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. Last Updated: 07/27/2016

Business Gets a Lesson in Sex Ed

Business leaders gathered Wednesday for an unprecedented public discussion on how to harness their libidos to maximize profits.

Between dirty jokes and rounds of giggles, some 30 dapper entrepreneurs also raised the possibility that President Vladimir Putin's so-called power vertical is a sign of repressed sexuality.

The round-table event, titled "Business and Sexuality," was organized by the Association of Managers, a management-training organization with over 1,000 Russian and international member companies.

The purpose was to provide a forum for "everything you always wanted to know but were afraid to ask," said the association's executive director, Sergei Litovchenko.

Litovchenko acknowledged the sensitivity of sex-related topics in Russian public life, saying he decided to hold the round table after members repeatedly suggested the topic get some open discussion.

The three themes of the round table -- attended in equal numbers by women and men -- were straightforward enough: sexuality as a resource for business success, sexuality as a management tool, and sexuality as a source of barriers and problems.

Many speakers seemed to have trouble sticking to the agenda, however. One speaker, Novgorod region Deputy Governor Vladimir Podoprigora, apologized for a possible lack of focus.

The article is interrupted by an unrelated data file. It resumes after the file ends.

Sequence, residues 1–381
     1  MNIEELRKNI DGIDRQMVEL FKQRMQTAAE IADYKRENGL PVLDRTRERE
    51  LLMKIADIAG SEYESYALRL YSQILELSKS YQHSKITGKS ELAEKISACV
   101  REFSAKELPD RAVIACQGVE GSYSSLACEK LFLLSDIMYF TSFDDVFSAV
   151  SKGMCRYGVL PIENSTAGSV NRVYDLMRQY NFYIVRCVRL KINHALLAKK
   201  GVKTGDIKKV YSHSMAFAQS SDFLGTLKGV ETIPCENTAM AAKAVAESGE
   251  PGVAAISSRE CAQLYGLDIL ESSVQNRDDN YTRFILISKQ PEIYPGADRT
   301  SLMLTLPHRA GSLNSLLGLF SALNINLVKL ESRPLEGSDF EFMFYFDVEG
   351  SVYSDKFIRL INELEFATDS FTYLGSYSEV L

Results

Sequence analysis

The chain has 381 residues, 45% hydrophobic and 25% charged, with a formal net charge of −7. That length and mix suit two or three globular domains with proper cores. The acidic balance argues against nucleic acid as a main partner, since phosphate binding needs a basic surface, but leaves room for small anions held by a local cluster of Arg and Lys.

"There are so many beautiful women here," Podoprigora said. "I don't know if I can discuss such a burning topic because I'm thinking about something completely different."

Podoprigora's speech ranged from the Biblical story of creation and instances of patriarchalism in Russian proverbs to an American professor who attributed the Sept. 11, 2001, terrorist attacks to a repression of sexual drives.

A clamor erupted when the next speaker, Mikhail Chernysh, chief researcher at RAN Institute of Sociology, said that research tying repressed sexuality to authoritarian forms of government was relevant to modern Russian life.

"The very term 'power vertical' is closely related to our discussion today," Chernysh said, referring to the term describing Putin's consolidation of power.

"As a rule, verticals are a certain form of the realization of repressed sexual drives in life."

"Don't forget who you're talking about," interjected Dmitry Zimin, honorary president of mobile phone giant VimpelCom.

Further disputes arose over the nature and role of female sexuality in business.

Marina Shakalova, managing director of Management Training International, told of being pelted with tomatoes at a U.S. conference on women in the workplace when she suggested that "using femininity can be a great resource."

She cited U.S. management guru Tom Peters in her defense, echoing his belief that "the 21st century will be the century of female management thanks to the flexibility and improvisational ability women have in solving problems. Women are naturally more creative than men."

Agency PR Inc. (BBDO Group) managing partner Olga Dashevskaya disagreed.

"Unfortunately, the statistics show that men are more creative than women," she said.

Calling on her experience in the advertising industry, Dashevskaya said the most successful advertising campaigns were made by men and claimed that more men had been nominated for Oscars in gender-neutral categories.

A conciliatory note was sounded toward the close of the event by Anatoly Kupchin of Agentstvo Kontakt, a recruiting firm, who claimed that both men and women should be able to use so-called masculine and feminine styles of leadership regardless of their gender.

"A good manager should be able to switch roles at any time," he said.

Several managers giggled.